It helps your target audience imagine the career opportunities and better life the former employee achieved due to what they learned and experienced while employed by you.

The idea is to cast a vision even longer to the future than just today. This works really well in cases where your ways of work, leadership examples and values enabled them to progress in their career to places they perhaps were not ready and even considering yet while working with you. But they took those learnings and used them to their advantage later in life. 

I love hearing stories where your purpose-driven culture and leadership values enable them to carry that forward to new experiences and places in life!

#3 Narrative social media posts

Another great way to apply storytelling in employer branding content is short social media posts.

The structure is always the same. You just fill in the gaps. This I learned from Donald Miller, the master of business storytelling

A storytelling social media post moves forward in this order:

(1) Identify the problem of the reader.

This acts as the hook, capturing attention. The post will only hook people who can identify with the problem.

(2) Make the problem worse.

It’s not a big enough problem if you can’t emphasise it!

Kind of like: “Oh goodness, I’m really struggling with this. This is really a huge problem!” 

Just like those awful traditional career stories. They are a pain to your employer brand appeal.

(3) Then, explain how you can help solve this problem.

This is a very concrete proposal of how to get rid of it.

I would say, for example: “Join my LIVE training, and I’ll give you the framework to fix your career stories.

(4) Then, talk about what life looks like after the problem is gone.

I could say:

Your career stories are actually growing your employer brand demand, your reach and getting people in your target audience engaged with your employer brand. Your employees get a voice and truly advocate for you as their employer. You can prove your boss investing in employer branding content makes sense, you earn their trust and, in their eyes, grow as an employer branding professional!

So, you are very specific in describing the situation after your target audience has followed your plan.

(5) You end the post with a CTA to tell your audience what you want them to do next.

CTA is the call to action you want them to do after they have read your post. I hardly ever see clear calls to action in employer branding. This is a lot of opportunities to connect or to generate leads to your recruitment funnel missed due to a lack of clear call to action.

To follow my example here, I would end this social media post with the following CTA:

DM me if you want to learn more about this upcoming LIVE training, and I will send you more information.”

The art of storytelling resides in its ability to invite your target audience into the story

The art of storytelling resides in its ability to draw people into the narrative and make them part of it.

When crafting stories for your employer brand, focus on compelling and relatable characters that readers can connect with.  

Paint vivid pictures through details and descriptions that bring your stories to life. Through this process, you’ll be able to create a narrative that will appeal to your target audience and leave an enduring impression on them. 

Another critical element of compelling storytelling is aligning your content with your employer brand values and desired employer brand perceptions.

How do you want your target audience to perceive you as an employer of choice?

This will help you in two ways:

  1. Establish trust with potential candidates and let them know exactly what they can expect from working for you. 
  2. Differentiate you from your competition.

To do this, highlight the unique aspects of working at your company while conveying how these fit into the bigger picture of achieving business success and delivering the customer promise with great success. 

Ultimately, by harnessing the power of storytelling, you can create content that is both engaging and informative for potential job seekers and your existing employees.

Doing so will help you build strong relationships with your current employees and reach out to new ones authentically.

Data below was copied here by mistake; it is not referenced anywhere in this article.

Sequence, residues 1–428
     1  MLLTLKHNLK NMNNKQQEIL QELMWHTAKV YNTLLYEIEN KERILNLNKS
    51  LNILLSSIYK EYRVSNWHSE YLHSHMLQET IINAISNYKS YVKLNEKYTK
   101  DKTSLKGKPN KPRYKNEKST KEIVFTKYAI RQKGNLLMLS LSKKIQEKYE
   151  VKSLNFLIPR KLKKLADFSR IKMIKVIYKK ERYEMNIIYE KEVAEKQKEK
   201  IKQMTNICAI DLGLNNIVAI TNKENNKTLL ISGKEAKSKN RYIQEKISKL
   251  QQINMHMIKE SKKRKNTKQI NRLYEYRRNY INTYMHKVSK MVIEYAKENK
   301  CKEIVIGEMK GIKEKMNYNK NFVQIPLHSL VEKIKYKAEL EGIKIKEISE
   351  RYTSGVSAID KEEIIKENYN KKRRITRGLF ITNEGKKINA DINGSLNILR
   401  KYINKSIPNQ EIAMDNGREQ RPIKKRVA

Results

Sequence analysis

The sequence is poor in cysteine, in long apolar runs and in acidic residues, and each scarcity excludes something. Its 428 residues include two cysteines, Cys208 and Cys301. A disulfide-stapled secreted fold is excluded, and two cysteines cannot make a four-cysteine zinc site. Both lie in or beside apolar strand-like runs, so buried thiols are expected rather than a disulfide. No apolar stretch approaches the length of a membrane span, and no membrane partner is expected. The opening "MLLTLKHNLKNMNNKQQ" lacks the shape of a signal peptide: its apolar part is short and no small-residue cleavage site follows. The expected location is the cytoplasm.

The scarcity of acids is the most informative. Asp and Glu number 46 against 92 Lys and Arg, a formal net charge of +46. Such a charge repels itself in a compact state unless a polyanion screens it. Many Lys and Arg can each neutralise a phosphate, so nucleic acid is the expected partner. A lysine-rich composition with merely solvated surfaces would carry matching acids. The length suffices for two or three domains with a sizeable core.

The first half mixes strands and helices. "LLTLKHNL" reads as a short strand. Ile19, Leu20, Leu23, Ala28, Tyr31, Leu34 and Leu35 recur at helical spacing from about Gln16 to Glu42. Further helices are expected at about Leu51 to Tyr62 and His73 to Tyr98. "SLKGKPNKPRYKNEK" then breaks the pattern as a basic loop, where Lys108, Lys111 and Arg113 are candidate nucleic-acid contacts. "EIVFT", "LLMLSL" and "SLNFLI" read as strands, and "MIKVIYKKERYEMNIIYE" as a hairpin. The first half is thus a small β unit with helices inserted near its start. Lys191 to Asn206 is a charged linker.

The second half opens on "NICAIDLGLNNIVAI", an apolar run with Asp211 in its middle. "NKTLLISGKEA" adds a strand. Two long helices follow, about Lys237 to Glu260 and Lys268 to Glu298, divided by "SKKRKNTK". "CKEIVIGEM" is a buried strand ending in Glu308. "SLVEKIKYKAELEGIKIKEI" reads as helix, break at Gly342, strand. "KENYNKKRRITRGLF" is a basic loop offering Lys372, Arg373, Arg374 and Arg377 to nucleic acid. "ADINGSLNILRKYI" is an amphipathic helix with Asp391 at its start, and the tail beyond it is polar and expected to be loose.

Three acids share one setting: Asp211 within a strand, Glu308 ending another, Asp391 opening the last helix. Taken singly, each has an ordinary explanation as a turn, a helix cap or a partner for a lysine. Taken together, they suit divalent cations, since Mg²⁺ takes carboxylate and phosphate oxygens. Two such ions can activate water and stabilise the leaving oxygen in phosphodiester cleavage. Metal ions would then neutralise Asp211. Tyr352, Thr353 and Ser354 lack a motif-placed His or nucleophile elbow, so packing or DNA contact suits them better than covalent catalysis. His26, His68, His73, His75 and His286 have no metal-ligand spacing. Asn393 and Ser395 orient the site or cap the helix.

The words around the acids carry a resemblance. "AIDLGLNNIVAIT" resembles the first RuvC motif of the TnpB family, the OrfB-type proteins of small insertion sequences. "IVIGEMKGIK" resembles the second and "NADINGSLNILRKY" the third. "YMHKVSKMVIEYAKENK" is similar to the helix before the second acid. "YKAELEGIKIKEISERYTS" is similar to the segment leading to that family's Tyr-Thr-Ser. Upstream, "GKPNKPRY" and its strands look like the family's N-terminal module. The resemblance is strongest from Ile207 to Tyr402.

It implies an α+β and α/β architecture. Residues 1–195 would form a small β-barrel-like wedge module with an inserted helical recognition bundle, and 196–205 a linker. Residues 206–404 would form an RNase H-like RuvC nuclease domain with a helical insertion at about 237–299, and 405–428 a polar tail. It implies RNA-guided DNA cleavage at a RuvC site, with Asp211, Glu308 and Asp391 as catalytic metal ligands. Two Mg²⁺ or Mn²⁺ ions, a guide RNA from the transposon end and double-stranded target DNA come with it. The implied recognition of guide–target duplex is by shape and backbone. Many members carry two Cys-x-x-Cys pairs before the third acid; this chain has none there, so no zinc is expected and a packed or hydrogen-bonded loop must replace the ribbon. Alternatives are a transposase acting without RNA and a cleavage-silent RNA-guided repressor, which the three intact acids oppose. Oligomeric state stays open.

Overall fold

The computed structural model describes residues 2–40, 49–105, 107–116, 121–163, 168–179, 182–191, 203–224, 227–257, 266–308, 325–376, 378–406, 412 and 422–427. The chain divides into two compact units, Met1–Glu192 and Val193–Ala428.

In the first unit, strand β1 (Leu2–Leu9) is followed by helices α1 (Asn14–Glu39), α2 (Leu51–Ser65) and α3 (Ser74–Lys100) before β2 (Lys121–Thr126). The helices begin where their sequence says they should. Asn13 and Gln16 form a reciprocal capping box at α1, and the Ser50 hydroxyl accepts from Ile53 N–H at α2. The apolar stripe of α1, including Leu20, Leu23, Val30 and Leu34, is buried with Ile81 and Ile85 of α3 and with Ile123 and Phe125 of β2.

Why not try storytelling if you’re looking for creative ways to boost your employer branding content?

Stories are effective ways of connecting with an audience on an emotional level – which is key when it comes to recruiting new talent into your organisation!

Employer branding content is an important part of any business’s overall marketing strategy

Employer branding content is an important part of any business’s marketing strategy, and storytelling is an effective way to engage and attract potential candidates. 

The art of storytelling is about building a narrative around a product or brand – weaving together the facts, values, and emotions that draw people in. 

Regarding employer branding content, stories can help connect your organisation and job seekers by communicating the company’s culture, values, and mission and how their work impacts your customers.

The art of storytelling involves using imagery voice and matching any images in the content with the words. The power of storytelling is to transport readers into different scenes so they can better understand what it’s like working at your organisation. 

You can also use stories to show how successful employees have grown. The goal is to make your content feel more personal and relatable to the target audience. You want them to be able to imagine themselves in your organisation, living and building a career as the character in your employer branding content has done. 

How do you get started with the art of storytelling in your employer branding content?

To ensure your storytelling efforts are successful when creating employer branding content, start by asking yourself what makes your organisation unique? What do you stand for, and what are the desired employer brand perceptions your employer brand stories need to convey?

Starting cold turkey with storytelling will be difficult unless you have a plan. As you are meant to build the employer brand, your storytelling content must match your other content key messages and help deliver the employer brand value expected from this work.

The Magnetic Employer Branding Method™️ provides a sturdy plan for creating employer branding content that aligns with your employer branding vision, goals and desired employer brand perceptions. 

Contact me if you need an agency partner to help with the strategy.

If you prefer the DIY way but want someone to guide and coach you on how to get started and create the plans, I’m your coach! I’m happy to chat and discuss if we are your right partner/coach.

Because once you have that clear plan, applying storytelling gets way easier.

What is business storytelling?

What is storytelling marketing?

Why must talent be the hero in your employer branding story?